Ed Deane


1    Vampire
2    Sweatshop
3    I Need A Holiday
4    It’s For You
5    Harlem Nocturne
6    Queen Bee
7    Above The Ridge
8    Nogoum El-Leil
9    Can’t Be Satisfied
10   Zombie On The Rocks
11    More Than Two Steps
12    Island Bridge

Wireless Set brims with guitar-laden numbers that attest to an enduring music career originating in the 1960s. Influences from the decades since the 60s – and before – are evident in the guitarist’s latest solo studio album after the jazzy, blues-infused, all-instrumental Slideshow (2006). Wireless Set is a seriously eclectic affair with a rockier vibe than its predecessor and with an equal mix of instrumentals and songs.

Featured Musicians: Noel Bridgeman, John Quearney, Fran Byrne, Eamon Murray, Trevor Knight, James Delaney, Charlie Hart, Les Morgan, Phil Scragg, Frank Mead, Tommy Moore, Ritchie Buckley, Rory Boyle, Garvan Gallagher, Sean O’Reilly, Kevin Malone.

© Blue Navigator 2016

‘One of the best albums I’ve heard in recent times’  Niall Toner, RTE Radio 2

‘A very, very fine guitarist... lovely playing on 'Harlem Nocturne'  Paul Jones, BBC Radio 2

"This 12 track set is split evenly between vocals and instrumentals (though they are mixed up in the track listing). The former comprises the opening track with its New Orleans-filtered-through-Nick Lowe sound, the political 'Sweat Shop', the soul-tinged country-rock of Dan Penn's ' I Need A Holiday', a country-tinged rendering of Taj Mahal's beautiful acoustic blues 'Queen Bee', an affectionate tribute to Muddy Waters on 'Can't Be Satisfied' and a slow, soul-tinged original ballad, 'More Than Two Steps', a good vehicle for Ed's light but convincing voice. 'It's For You' is the first instrumental of the set, fine slide guitar over a vaguely tango-style backing that sounds like it should be on a vintage 78, followed by an updating of buzzsaw saxist Earl Bostic's hit, 'Harlem Nocturne'. 'Above The Ridge' seems to flit between Scottish music and the African blues sound — very successfully — and the multi-talented Syrian Farid Al-Atrash's 'Nogoum EI-Leil' reflects Moorish Spain. 'Zombie On The Rocks' is moody, slide-laden and a little spooky, and this very fine album closes out with the lush 'Island Bridge', with just a hint of Dave Gilmour."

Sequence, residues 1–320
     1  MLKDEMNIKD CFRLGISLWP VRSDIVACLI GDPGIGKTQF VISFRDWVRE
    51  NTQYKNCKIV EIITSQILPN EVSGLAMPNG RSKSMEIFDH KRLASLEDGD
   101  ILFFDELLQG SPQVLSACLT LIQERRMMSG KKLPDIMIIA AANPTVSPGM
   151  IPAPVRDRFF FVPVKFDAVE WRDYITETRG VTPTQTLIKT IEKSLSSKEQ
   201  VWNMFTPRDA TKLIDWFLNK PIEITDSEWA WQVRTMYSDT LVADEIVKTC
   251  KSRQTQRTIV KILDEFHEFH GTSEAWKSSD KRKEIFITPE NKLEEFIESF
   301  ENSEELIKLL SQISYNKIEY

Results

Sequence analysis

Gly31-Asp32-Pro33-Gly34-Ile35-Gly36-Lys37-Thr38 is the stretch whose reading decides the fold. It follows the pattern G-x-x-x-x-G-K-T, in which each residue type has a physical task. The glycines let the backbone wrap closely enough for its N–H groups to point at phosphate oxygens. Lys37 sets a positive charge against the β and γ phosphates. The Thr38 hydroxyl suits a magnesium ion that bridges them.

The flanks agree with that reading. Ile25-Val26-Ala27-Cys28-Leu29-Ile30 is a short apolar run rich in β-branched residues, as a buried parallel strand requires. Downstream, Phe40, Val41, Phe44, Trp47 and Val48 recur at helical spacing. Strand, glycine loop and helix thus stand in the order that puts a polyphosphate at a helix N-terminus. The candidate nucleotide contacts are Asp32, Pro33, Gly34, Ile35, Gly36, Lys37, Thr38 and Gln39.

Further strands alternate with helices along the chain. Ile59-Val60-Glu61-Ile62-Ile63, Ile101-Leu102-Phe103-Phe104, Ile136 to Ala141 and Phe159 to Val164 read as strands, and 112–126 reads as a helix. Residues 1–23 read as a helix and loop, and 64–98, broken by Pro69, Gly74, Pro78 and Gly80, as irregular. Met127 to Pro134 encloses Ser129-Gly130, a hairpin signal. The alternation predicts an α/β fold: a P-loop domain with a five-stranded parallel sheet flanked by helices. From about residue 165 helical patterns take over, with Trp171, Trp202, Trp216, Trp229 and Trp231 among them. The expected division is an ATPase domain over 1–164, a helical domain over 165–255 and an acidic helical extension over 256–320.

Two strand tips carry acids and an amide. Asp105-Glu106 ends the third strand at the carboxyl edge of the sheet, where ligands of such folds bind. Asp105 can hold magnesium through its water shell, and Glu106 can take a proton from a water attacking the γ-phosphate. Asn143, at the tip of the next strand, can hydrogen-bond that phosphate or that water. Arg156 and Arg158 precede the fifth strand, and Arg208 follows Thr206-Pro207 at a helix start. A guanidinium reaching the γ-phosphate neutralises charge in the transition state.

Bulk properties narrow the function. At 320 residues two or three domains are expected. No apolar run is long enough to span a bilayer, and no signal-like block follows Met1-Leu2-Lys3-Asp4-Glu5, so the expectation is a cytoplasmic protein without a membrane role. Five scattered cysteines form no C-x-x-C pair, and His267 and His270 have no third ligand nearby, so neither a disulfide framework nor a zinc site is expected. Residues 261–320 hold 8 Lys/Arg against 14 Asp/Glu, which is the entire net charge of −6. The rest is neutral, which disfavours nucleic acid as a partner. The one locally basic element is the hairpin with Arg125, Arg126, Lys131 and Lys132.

Blues in Britain, November 2016